These lines are inset in the Pynson text in a smaller typeface. They appear to be integral to Bradshaw's poem, as they supply the detail alluded to in the preceding line ('Whose noble actes be touched on a lytell here'). The verses derive from William of Malmesbury's Gesta Regum Anglorum, Book II, Chapter 133. In Chapter 132, William comments that he disovered an old poem on Æthelstan in an 'ancient volume' ('uolumine uetusto'), and he includes the full thirty lines in his text, of which Bradshaw gives the first four. The Oxford Medieval Texts edition gives the translation as follows: 'Noble was the scion put forth by our royal stock, when on our darkness dawned the radiance of that splendid jewel, great Æthelstan, glory of his native country, the narrow path of virtue, shining integrity that knew not how to deviate from the truth.' See Mynors, 1998-9, 210-11. Back to context...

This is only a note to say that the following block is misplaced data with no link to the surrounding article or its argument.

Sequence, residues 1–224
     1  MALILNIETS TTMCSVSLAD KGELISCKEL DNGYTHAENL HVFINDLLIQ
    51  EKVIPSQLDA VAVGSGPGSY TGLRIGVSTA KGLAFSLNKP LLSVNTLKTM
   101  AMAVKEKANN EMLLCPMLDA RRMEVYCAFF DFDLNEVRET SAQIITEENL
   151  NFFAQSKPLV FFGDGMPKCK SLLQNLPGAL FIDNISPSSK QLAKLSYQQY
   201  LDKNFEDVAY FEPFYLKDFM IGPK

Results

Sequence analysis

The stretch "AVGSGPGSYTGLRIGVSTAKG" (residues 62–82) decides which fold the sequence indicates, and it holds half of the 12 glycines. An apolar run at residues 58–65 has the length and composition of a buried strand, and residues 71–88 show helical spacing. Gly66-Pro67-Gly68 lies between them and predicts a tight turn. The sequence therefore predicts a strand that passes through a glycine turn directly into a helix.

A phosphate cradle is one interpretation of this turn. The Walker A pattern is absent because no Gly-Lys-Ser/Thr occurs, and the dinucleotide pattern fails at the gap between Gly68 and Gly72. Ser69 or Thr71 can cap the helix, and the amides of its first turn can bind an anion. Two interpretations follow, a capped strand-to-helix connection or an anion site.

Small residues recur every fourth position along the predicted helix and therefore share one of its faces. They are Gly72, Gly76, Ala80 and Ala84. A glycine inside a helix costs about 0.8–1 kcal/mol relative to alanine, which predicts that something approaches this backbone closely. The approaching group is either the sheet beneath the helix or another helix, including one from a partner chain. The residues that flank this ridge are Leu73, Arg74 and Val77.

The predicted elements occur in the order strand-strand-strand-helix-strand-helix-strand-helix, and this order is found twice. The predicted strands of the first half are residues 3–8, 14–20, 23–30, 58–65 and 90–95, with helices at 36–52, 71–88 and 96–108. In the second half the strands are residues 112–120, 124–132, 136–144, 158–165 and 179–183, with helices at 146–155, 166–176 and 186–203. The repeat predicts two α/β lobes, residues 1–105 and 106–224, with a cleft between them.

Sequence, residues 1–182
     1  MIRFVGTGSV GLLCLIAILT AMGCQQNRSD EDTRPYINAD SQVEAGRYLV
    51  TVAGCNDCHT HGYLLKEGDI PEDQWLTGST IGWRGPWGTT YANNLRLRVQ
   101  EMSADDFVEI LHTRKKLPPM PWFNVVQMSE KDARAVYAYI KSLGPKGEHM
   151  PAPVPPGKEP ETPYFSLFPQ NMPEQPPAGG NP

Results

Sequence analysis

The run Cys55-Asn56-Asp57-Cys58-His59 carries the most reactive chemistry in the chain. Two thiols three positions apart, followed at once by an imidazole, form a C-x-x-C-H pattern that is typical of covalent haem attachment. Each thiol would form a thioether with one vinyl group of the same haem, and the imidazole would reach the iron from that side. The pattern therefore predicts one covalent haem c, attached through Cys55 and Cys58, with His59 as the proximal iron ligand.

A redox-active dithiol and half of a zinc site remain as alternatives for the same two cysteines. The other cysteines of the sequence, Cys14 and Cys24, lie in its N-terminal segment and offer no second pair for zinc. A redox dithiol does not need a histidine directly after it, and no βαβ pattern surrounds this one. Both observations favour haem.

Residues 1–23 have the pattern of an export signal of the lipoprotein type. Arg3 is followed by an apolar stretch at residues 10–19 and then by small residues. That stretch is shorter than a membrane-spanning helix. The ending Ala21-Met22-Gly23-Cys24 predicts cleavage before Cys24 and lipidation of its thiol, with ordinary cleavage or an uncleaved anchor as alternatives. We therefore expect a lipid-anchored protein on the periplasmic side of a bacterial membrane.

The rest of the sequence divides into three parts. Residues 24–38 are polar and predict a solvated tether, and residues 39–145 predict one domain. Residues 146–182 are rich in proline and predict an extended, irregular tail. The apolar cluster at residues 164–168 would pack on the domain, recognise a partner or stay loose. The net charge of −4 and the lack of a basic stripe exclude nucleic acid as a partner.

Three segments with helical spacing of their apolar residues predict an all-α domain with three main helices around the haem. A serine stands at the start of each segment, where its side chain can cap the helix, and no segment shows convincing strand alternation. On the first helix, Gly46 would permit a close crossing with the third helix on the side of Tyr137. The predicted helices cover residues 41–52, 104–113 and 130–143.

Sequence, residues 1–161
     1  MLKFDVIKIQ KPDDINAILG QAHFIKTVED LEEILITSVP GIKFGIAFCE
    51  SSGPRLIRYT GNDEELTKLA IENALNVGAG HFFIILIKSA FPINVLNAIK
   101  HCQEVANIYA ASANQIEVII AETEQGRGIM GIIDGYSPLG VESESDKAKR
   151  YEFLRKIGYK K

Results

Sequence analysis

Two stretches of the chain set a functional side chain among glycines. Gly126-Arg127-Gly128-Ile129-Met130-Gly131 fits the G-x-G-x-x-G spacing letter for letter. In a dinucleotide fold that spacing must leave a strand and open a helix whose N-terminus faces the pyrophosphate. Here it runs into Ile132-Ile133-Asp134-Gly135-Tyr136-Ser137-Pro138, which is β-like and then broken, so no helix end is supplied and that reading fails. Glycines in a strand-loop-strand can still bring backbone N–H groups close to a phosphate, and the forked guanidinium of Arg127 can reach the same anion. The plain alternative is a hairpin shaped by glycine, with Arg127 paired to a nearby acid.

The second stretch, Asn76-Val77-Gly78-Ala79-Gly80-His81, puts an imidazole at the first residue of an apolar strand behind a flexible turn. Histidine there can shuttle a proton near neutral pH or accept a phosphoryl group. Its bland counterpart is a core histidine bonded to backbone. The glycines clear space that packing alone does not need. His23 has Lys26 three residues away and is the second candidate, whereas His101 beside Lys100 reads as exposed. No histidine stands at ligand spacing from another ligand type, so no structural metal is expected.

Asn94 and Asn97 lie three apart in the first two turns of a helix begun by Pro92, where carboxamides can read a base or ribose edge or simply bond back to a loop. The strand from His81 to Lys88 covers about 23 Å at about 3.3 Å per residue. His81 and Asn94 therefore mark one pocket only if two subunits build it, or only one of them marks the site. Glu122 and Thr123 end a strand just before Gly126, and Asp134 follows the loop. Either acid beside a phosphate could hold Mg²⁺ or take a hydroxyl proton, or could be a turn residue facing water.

King Edmund 'the Elder' (ruled 939-946). See PASE. Back to context...
Edmund's sons Eadred (ruled 946-955) and Eadwig (ruled 955-957 and continued as king of Wessex and Kent only until 959). See PASE (Eadred) and PASE (Eadwig). Back to context...
King Edgar (ruled Northumbria and Mercia from 959 and all of Anglo-Saxon England until 975). See PASE. Edgar's first coronation at Kingston-upon-Thames was followed by a later 'imperial' coronation at Bath in 973. Edgar was monarch during the Benedictine Reform movement of the late tenth century, during which many monastic houses were re-founded or newly endowed. For recent discussions of the reign of Edgar, see Scragg, 2008. Back to context...
Archbishop Dunstan, a key figure in the Benedictine Reform. See PASE, or detailed discussion in Ramsay, 1992. Back to context...